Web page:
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How Were Roads Cleared Before Snowplows?

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Though we're nearing the beginning of spring, this week has left much of the northeastern United States dealing with the aftermath of a serious bout of snowfall. We take for granted that our roads will be plowed in a timely manner, but it took a long time for us to get to that place. 

Let’s throw it back to the 1700s, when towns in the northeastern United States were just beginning to develop. As they grew, so too did the networks that connected them—which, of course, then mandated a postal service. As CityLab noted, during the Great Snow of 1717, the fastest way for mail carriers to travel the snowy roads between Boston and New York was to trade in their horses for a pair of snow shoes and make the trek on foot. Oof.

But year after year of heavy snowfall taught settlers to prepare for the weather. This meant stockpiling goods, founding organizations to aid those who needed coal and firewood, and inventing ski-like runners to attach to carts, which allowed for a sleigh-like method of transport. However, while these devices helped people to travel in inclement weather, it didn’t solve the issue of actually clearing the roads of snow.

This takes us to the 1840s, when the first patents for snowplows were issued (though there's no record of one being used until around 1862). According to the National Snow & Ice Data Center, "The plow was attached to a cart pulled by a team of horses through the snow-clogged streets." Though implemented in Wisconsin, the plows quickly grew to be popular in the Northeast. This innovation spread to trains, which affixed plows to their front ends and could now continue to travel between cities, even in snowy weather.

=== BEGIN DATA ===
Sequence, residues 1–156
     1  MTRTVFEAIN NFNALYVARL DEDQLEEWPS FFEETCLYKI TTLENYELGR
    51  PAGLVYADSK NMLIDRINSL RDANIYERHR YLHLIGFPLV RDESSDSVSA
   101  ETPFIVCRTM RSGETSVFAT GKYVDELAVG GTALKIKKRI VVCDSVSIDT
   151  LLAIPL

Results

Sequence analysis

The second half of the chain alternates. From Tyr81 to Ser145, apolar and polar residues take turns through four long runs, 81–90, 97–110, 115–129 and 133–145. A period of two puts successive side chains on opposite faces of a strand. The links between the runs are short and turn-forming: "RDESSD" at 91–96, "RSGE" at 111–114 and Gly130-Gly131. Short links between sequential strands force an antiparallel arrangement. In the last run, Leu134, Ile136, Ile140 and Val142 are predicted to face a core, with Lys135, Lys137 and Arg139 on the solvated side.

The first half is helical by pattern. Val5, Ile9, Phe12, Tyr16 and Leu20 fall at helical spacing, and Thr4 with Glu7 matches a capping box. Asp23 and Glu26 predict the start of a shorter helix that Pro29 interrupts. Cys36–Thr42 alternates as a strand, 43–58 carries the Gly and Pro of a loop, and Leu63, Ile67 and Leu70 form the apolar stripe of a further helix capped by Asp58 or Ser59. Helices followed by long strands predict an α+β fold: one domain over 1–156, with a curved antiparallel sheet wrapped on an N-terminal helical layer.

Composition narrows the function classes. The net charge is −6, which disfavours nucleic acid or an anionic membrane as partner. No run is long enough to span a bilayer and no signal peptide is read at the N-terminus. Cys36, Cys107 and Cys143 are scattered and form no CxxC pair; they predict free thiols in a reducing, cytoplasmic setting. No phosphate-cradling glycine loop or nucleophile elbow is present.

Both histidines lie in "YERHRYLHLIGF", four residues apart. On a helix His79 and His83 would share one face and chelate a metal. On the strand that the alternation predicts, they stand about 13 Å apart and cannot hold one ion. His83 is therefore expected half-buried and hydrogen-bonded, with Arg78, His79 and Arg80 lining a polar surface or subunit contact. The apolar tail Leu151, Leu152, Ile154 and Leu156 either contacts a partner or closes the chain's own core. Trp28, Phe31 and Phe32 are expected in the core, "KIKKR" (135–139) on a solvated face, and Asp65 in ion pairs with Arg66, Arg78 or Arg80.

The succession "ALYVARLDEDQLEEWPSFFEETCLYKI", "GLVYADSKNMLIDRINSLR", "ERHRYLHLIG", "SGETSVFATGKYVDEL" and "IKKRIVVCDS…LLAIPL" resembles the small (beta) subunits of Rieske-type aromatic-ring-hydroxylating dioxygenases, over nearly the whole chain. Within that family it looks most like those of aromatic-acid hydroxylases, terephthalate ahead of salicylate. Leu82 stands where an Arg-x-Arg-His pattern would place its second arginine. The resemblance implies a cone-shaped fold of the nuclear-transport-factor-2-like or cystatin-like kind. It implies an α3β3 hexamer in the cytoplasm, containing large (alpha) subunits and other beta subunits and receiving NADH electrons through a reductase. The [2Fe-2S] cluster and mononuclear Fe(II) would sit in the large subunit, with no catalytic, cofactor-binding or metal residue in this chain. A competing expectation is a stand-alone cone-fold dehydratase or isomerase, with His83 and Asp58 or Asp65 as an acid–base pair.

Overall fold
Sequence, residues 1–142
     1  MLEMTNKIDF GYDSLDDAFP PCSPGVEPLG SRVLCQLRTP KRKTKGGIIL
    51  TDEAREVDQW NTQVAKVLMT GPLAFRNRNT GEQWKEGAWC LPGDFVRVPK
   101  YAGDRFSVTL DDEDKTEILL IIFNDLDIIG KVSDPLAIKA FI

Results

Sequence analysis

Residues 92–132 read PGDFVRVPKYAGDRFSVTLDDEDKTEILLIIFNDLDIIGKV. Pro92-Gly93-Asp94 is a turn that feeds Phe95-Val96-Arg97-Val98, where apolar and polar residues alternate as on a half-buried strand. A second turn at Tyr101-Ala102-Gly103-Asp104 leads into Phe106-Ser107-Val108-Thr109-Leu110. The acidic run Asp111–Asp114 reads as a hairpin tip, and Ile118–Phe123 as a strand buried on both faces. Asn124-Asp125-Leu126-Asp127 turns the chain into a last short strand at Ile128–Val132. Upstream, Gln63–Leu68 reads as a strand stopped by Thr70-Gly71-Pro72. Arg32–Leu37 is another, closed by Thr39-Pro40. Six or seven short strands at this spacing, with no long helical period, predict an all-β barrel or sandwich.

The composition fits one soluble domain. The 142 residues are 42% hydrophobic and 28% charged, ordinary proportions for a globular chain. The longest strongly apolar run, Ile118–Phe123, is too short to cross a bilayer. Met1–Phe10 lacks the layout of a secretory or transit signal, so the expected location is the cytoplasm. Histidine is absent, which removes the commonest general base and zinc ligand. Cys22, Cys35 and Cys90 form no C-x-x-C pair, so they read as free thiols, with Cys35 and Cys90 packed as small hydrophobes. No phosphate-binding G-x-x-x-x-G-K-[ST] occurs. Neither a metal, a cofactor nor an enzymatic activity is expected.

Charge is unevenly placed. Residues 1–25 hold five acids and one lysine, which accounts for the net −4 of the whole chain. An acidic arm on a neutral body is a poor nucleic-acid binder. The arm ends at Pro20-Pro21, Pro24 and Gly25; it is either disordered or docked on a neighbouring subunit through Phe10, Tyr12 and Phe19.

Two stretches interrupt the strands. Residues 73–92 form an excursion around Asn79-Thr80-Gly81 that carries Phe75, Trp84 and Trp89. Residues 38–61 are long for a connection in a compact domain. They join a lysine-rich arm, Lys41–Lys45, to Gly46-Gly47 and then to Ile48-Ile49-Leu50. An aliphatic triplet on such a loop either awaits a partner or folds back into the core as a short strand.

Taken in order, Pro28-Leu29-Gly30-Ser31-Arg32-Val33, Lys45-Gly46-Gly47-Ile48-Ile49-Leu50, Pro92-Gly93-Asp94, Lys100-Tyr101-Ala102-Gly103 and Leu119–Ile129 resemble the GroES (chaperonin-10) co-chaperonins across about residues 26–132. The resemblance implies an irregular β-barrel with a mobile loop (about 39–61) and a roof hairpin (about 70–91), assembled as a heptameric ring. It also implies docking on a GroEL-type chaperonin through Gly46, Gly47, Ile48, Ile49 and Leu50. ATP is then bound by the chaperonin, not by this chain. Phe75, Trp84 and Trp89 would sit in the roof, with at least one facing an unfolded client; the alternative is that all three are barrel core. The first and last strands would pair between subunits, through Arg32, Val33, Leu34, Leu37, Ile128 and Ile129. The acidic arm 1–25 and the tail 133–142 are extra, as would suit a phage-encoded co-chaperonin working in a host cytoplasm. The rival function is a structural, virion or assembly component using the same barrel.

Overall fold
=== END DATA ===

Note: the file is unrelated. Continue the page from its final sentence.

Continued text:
Plows cleared the way for easier travel, but also brought about a new set of issues, like the tall mounds of snow that piled up on the sides of the roads (something we still deal with today). This was especially problematic for merchants, whose stores were blocked by the walls of snow. Meanwhile, uneven roads proved a challenge for sleigh travel.

One way of combating this was to hire shovelers to clear the roads. However, that still left one major issue: What to do with all the snow? In the late 1880s, cities began utilizing shovelers in conjunction with plows to effectively clear roads. The teams worked together to transport snow out of the trafficked city streets and into nearby rivers. Not only did this pave the way for easier transport in the snow, it created jobs in the winter. Additionally, steam railways were elevated to avoid being affected by snow drifts.

New York City’s Department of Street Cleaning was founded in 1881, which underscored how valuable properly plowed streets were to its residents. According to Untapped Cities, corrupt government officials would accept money and favors in exchange for clearing snow in front of certain businesses. (In 1929, the Department of Street Cleaning became the New York City Department of Sanitation.)

The Blizzard of 1888 brought as much as four feet of snow to the Northeast, halting traffic and taking more than 400 lives. Cities learned from the experience, and started becoming more strategic with their plowing methods. This meant dividing cities into different sections to be plowed and working proactively, clearing roads as snow fell and not waiting until after the storm. One of the biggest innovations that resulted from the storm was underground travel, something both New Yorkers and Bostonians know well.

With the development of motorized transportation came advances in snowplows. They became attached to cars and, in 1920, a snow loader was successfully deployed in Chicago—leading several other cities to purchase their own. The conveyor made snow removal easier than ever before—and paved the way to clearing roads the way we're still doing it today.

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Big Questions
Why Do Baseball Managers Wear Uniforms?
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Basketball and hockey coaches wear business suits on the sidelines. Football coaches wear team-branded shirts and jackets and often ill-fitting pleated khakis. Why are baseball managers the only guys who wear the same outfit as their players?